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SharePoint switches OFF and ON options like AUTO_UPDATE_STATISTICS, AUTO_UPDATE_STATISTICS_ASYNC, AUTO_CREATE_STATISTICS, INCREMENTAL on SharePoint databases daily at 12 AM and that generates lots of noise in SQL Server error log.

What action should I take(Either in SQL Server or in SharePoint) to keep the error log clean?

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  • Ignore or filter-out the messages you don't care about?
    – Hannah Vernon
    Commented May 28, 2019 at 11:53
  • There are no settings in SQL Server to stop specific log messages from being written to the error log. You might want to check to see if there is a setting in SharePoint to stop it from making these changes. Commented May 28, 2019 at 14:57
  • I check the error log of all the instances once everyday and some times I overlook critical events in the log because of so much noise as there is no visual indication between informational, warning and critical. In filter there is no option to exclude and once you close the windows all filter settings are lost.
    – shilan
    Commented May 29, 2019 at 6:52

2 Answers 2

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In case someone else will google it. I disabled the Health Analyzer Rule Definitions with name "Databases used by SharePoint have fragmented indices."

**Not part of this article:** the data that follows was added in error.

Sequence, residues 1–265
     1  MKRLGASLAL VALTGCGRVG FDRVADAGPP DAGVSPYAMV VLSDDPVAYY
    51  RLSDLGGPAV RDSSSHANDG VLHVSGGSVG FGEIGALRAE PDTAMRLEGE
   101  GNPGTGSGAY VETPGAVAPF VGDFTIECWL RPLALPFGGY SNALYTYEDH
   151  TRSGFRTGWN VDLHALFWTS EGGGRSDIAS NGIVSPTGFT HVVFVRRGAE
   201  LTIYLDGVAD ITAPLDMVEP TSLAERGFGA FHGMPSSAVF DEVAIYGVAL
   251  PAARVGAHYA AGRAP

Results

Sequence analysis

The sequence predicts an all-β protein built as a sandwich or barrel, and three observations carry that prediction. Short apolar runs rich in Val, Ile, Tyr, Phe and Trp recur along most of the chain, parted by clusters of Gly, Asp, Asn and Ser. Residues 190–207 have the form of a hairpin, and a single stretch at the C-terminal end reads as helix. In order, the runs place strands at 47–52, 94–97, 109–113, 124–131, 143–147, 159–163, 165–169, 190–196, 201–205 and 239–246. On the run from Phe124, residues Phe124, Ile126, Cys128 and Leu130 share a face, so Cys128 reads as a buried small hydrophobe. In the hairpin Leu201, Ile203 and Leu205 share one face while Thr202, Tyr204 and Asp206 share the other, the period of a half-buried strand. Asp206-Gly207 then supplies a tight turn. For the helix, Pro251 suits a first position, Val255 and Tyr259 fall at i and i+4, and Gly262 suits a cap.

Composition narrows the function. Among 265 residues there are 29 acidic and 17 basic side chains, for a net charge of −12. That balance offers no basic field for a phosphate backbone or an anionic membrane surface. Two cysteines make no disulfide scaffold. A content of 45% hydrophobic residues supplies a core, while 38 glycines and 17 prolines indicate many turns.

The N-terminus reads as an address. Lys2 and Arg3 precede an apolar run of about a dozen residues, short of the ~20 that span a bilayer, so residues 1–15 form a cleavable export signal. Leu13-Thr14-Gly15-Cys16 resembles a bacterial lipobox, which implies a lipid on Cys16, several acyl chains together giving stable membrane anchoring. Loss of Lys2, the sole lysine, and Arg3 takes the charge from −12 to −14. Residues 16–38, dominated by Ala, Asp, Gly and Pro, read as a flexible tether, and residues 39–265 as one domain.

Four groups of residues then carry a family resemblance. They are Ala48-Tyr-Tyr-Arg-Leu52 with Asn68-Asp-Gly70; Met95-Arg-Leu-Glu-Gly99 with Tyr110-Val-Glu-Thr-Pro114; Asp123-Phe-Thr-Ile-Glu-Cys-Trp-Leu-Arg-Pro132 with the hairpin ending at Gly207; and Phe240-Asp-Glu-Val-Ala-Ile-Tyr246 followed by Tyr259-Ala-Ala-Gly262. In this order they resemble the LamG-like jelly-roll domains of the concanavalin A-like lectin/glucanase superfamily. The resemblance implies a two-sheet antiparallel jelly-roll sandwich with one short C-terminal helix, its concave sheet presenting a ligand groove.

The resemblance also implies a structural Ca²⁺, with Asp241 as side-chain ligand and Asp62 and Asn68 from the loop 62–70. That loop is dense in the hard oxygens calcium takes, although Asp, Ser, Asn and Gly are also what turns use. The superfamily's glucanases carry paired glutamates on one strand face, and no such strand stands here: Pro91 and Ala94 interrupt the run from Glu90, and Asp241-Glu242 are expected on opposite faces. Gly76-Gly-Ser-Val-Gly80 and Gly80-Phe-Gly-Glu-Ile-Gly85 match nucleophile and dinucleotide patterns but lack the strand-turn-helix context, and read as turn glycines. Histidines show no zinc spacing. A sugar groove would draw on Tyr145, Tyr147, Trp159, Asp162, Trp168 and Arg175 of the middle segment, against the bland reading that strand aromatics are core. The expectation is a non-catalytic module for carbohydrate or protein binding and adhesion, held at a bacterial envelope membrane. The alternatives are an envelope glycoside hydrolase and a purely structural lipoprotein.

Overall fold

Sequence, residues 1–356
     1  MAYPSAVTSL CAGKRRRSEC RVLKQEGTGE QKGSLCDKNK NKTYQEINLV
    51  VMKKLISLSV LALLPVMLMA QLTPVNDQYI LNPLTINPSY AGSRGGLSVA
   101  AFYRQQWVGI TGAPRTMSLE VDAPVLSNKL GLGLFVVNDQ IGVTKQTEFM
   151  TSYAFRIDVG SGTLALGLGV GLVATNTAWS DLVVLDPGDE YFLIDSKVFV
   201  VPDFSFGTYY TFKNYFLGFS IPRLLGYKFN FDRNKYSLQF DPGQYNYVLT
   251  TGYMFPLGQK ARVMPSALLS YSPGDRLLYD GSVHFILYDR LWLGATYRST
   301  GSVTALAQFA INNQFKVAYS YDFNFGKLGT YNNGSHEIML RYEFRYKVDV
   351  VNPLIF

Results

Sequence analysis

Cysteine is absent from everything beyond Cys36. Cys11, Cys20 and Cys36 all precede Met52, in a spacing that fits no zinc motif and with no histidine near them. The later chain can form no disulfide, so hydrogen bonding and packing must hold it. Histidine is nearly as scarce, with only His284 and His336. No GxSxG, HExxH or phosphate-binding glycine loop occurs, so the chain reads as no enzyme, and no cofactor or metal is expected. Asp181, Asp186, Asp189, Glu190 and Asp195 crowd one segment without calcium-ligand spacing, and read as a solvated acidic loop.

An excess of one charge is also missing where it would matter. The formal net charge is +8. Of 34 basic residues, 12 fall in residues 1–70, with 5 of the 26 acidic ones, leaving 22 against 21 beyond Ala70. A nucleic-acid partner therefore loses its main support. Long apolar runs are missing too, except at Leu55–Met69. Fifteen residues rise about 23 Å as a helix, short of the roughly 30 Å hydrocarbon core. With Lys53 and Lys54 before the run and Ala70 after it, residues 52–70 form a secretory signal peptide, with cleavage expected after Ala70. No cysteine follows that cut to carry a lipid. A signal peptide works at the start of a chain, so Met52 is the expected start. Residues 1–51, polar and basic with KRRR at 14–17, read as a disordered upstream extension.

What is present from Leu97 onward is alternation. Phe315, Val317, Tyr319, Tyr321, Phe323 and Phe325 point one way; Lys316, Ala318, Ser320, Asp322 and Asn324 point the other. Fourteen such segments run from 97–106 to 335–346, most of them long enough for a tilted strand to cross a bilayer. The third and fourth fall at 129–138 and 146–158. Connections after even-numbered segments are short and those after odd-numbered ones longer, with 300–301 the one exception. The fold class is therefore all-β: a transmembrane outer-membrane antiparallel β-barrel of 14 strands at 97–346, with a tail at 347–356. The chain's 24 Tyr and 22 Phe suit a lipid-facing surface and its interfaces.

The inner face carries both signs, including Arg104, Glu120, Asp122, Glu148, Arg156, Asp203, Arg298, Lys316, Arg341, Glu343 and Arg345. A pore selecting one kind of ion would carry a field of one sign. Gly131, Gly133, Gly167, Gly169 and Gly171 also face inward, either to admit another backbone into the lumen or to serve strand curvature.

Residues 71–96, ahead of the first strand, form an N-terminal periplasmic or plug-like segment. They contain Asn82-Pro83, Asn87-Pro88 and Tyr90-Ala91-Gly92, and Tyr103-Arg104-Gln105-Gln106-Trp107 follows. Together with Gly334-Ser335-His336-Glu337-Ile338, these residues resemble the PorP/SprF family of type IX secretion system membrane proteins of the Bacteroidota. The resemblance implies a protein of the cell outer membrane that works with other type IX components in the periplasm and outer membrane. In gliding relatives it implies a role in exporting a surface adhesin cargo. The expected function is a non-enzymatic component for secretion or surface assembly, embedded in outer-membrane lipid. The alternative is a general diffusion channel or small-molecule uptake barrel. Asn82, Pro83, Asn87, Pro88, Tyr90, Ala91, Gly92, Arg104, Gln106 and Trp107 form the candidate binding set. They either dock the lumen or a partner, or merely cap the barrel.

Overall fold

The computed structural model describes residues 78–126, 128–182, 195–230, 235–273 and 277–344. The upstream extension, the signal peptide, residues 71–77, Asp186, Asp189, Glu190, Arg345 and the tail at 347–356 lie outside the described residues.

Also I disabled the following timerjob

Name                        : daily-all-spwebservice-health-analysis-job
TypeName                    : Microsoft.SharePoint.Administration.Health.SPHealthAnalyzerJobDefinition

After that events gone.

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  • Better to live with the ”noise” than turn off essential maintenance furthermore you probably make your sharepoint unsupported if you stop it running the supplied jobs. Commented May 15 at 12:39
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from the comments

I check the error log of all the instances once everyday and some times I overlook critical events in the log because of so much noise as there is no visual indication between informational, warning and critical.

I'm with you on that! SQL Server's error log is often full of nonsense, and the search GUI is an absolute relic. If Microsoft isn't careful, it'll end up in a British museum.

That's exactly why I wrote sp_LogHunter. It's designed to wander through error logs looking for important messages, and excluding most of the noise. You can read the full documentation for it here, but a simple example run would just be:

EXEC sp_LogHunter;

That will go back (as a parameter default) seven (7) days looking for interesting messages.

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